The Hollywood nursing home where eight people died after Hurricane Irma says it tried to call Gov. Rick Scott’s office three times before the first death at the facility, the latest in finger-pointing at the governor and the state’s largest electricity provider, Florida Power & Light.
The first call for help from the Rehabilitation Center at Hollywood Hills came around 3 a.m. Wednesday morning, with staffers claiming one elderly patient had gone into cardiac arrest after the nursing home had been left without power for several days.
A second call came an hour later -- but by the third call for help, the facility raised eyebrows that the situation may become deadlier and deadlier as temperatures increased and the nursing home was left without adequate air conditioning.
A total of eight people died at the elderly home, prompting questions as to who was responsible for the deaths and how, exactly, the tragedy occurred.
Now CBS Miami is reporting the Hollywood nursing home says its officials tried to reach the governor’s office several times via a special phone number Scott gave out to healthcare executives should they encounter any problems recovering from the storm.
Nursing home officials said they told Scott they needed “immediate assistance,” but did not hear back from the governor.
The governor’s office denies being contacted by the nursing home, saying “at no time” did the facility report conditions had become dangerous.
“Every call made to the Governor from facility management was referred to the Agency for Health Care Administration and the Florida Department of Health and quickly returned,” said Scott’s communications director John Tupps.
The Florida Department of Health also rejected responsibility for the incident.
“Let’s be clear -- this facility is located across the street from one of Florida’s largest hospitals, which never lost power and had fully operating facilities,” the department said. “It is 100 percent the responsibility of health care professionals to preserve life by acting in the best interest of the health and well-being of their patients.”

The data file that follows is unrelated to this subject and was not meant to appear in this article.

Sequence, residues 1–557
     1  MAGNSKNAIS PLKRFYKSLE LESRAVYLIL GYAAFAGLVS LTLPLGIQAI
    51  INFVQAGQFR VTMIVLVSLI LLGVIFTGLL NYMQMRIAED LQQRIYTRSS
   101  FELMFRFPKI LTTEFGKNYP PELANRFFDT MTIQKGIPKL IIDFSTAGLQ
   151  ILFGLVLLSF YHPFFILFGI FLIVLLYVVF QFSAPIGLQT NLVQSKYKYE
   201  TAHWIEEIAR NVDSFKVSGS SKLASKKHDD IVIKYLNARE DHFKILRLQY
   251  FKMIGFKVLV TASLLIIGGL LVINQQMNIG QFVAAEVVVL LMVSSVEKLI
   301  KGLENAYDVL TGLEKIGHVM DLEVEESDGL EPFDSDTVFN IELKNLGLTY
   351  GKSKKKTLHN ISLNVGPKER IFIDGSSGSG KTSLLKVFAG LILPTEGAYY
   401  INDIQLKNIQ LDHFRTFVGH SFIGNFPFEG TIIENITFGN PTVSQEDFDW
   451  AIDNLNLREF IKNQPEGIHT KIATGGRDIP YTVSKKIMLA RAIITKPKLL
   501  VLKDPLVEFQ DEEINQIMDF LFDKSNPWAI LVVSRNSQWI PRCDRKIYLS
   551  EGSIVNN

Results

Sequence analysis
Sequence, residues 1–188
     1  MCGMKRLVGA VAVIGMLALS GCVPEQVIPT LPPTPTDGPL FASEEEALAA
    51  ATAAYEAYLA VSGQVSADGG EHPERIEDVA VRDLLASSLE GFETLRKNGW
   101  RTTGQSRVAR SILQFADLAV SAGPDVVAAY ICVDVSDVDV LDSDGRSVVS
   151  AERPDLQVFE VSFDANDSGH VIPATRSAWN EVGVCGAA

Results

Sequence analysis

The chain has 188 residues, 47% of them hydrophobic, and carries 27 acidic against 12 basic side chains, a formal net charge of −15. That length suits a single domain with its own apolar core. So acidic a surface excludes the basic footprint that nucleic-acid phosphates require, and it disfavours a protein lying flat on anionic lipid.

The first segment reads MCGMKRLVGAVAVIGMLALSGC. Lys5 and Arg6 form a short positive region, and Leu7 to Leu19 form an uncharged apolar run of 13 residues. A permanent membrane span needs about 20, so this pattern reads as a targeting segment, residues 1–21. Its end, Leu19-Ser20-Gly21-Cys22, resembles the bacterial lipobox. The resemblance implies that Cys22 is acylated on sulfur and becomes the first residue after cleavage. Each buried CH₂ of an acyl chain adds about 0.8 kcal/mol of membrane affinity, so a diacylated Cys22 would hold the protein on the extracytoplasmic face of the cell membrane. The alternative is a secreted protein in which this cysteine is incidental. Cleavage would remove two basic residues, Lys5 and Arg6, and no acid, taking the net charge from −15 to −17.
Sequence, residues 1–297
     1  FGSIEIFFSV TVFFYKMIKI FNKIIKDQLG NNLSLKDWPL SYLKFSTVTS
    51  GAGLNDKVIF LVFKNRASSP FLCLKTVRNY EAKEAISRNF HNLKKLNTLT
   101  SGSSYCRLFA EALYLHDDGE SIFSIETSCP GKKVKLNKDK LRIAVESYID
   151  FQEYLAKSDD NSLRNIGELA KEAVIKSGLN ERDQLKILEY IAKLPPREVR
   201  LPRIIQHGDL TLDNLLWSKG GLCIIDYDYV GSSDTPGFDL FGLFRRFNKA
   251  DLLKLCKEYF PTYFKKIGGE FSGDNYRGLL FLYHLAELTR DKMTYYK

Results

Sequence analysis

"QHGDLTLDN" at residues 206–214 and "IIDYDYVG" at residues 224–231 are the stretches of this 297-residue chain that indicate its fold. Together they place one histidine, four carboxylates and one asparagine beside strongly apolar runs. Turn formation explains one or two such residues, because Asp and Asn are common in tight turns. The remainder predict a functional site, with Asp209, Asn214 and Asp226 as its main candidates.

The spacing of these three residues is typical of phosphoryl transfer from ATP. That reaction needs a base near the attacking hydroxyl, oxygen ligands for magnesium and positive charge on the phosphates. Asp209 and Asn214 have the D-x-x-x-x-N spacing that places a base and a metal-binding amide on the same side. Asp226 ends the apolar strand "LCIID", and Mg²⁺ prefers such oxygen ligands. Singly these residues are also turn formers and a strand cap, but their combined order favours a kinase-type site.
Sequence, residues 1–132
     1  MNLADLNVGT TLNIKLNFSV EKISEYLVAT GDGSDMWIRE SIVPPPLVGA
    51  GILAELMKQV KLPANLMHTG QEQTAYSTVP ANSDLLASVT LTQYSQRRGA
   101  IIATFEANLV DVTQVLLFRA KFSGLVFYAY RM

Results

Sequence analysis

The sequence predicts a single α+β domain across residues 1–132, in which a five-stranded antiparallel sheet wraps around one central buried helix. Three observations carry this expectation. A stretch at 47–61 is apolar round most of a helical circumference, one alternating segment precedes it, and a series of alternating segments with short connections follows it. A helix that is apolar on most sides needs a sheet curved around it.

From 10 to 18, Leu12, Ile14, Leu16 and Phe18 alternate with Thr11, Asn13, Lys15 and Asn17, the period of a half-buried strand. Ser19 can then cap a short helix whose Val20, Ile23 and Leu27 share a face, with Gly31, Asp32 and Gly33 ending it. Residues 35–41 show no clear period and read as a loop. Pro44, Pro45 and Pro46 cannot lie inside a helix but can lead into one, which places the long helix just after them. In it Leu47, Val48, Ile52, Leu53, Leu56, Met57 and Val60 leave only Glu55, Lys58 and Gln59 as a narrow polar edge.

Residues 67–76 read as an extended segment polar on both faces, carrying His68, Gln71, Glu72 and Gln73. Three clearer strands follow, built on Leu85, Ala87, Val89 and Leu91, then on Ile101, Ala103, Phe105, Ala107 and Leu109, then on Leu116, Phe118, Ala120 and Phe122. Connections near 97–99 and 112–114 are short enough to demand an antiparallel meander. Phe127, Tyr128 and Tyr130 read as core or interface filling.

Police launched a full investigation into the incident, with initial findings discovering the nursing home was without sufficient air conditioning and was using portable A/C units to keep the facility cool.
On Wednesday, facility administrator Jorge Caballo said the home had contacted officials and local power company Florida Power & Light, informing them of the situation.
Caballo did not mention contacting the governor’s office at the time.
“We took part in emergency management preparedness calls with local and state emergency officials, other nursing homes and health regulators,” he said in a statement on Wednesday. “While our Center did not lose power during the storm, it did lose one transformer that powers the air conditioning unit. The Center immediately contacted Florida Power & Light and continued to follow up with them for status updates on when repairs would be made. Outreach was also made to local emergency officials and first responders.”
Earlier this week, the governor said health officials had been in contact with the facility and advised staffers to contact 911 if they believed the health and safety of patients was at risk.
Family members of one of the patients have filed an emergency lawsuit over the incident to seek the "preservation and production of vital records, documents and surveillance" from the Hollywood nursing home.
Democratic gubernatorial nominees Gwen Graham and Andrew Gillum both called for an investigation into the possible phone calls Friday evening.
Graham said the responsibility to respond to any and all problems laid solely with Scott.
"It is 100 percent the governor's responsibility to do everything in his power protect every Floridian,” she said.
Gillum said he found the incident disturbing and also called for a second look into the deaths.
"Today's reports that the Governor and his Office gave out a special priority phone line - then failed to act when they received distress calls - are highly alarming,” Gillum said. “The investigators must have full access to all public records and transcripts of communications, meetings, and conference calls between the Governor, his Office, and healthcare facilities in preparing for Hurricane Irma.”
This is a developing story. Check back for updates.